(Side note: I do know that even the most perfect women suffer from body shaming. But there is a difference if you get an odd body-shaming comment if you intentionally display your body online while others are constantly body shamed in daily life – weird looks on the bus when they want to sit down next to someone, their sizes never available when they go shopping or being called unhealthy simply based on their body shape.)
As you may have realized, I hate to pose for pictures. When I compare pictures of me to some of the girls in their early twenties, I start laughing. They all have their poses practiced. I still look like in the typical year-end high school picture. My only achievement is reminding myself not to slouch.
I got curious. I stand in front of the mirror in my bikini and try to imitate the poses. It feels ridiculous. First of all, I do not have this effortless sexy look on my face and I start laughing every time I try. Then I try the thigh gap pose. Have you ever tried to recreate that? You need to stand parallel to the mirror and shift your hips and tailbone to the back. It feels and looks really weird. Yeah, I may see a thigh gap here. I always hated bikini bottoms which are cut high – maybe because I am a kid of the nineties and it reminds me of the perfect Baywatch-bodies we would never have. I pull the bikini bottom higher up – it does create a different body shape. And paired with the thigh gap pose, it looks a bit like the Kardashian clones. I find it unnatural, and, frankly, ugly.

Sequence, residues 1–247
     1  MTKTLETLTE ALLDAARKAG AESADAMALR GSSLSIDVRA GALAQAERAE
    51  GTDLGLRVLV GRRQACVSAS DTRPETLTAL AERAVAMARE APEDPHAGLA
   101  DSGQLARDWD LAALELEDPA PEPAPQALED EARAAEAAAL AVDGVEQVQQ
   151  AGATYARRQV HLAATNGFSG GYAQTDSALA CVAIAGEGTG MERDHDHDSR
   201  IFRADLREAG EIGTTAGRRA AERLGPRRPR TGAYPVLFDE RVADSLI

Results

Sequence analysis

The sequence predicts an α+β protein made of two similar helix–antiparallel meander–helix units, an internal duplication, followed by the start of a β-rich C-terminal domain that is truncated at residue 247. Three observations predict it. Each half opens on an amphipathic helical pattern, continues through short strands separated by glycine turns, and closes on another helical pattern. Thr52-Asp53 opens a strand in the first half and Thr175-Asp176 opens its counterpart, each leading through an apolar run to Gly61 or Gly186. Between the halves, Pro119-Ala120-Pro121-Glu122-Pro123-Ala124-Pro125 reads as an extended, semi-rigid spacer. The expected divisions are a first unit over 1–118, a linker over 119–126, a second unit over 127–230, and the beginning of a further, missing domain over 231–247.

Is this really what we are supposed to look like? Women were freed from corsets in the early 20th century. Why would we now go back to this unnatural wasp waist? (I even saw videos on Instagram with advice on how to exercise wearing girdles to achieve this body shape…) Why are we told that we cannot live without a thigh gap? (I think in the majority of cases, it looks as if the woman has O-shaped-legs…)
I am a size 38 (a US-size 6) and I am happy with the way I look. Of course, I have days where I find countless things to criticise. But overall, 38 is fine for me and I do not consider it fat at all. Nevertheless, I am surprised how often I get comments from men that I am – quote – “on the bigger side”. “Don’t worry, it is charming that you are a bit bigger”, one guy with what I call an “abundance belly” (Wohlstandswampe) told me in a business meeting. (I am not commenting on the inappropriate comment itself in a business setting here, that would be a different postcard). The average size of women in the German-speaking countries is 42 (US-size 10). Are we then all fat?! And why is it OK to body shame us women while our male counterparts hardly come up to the six-pack Abercrombie models?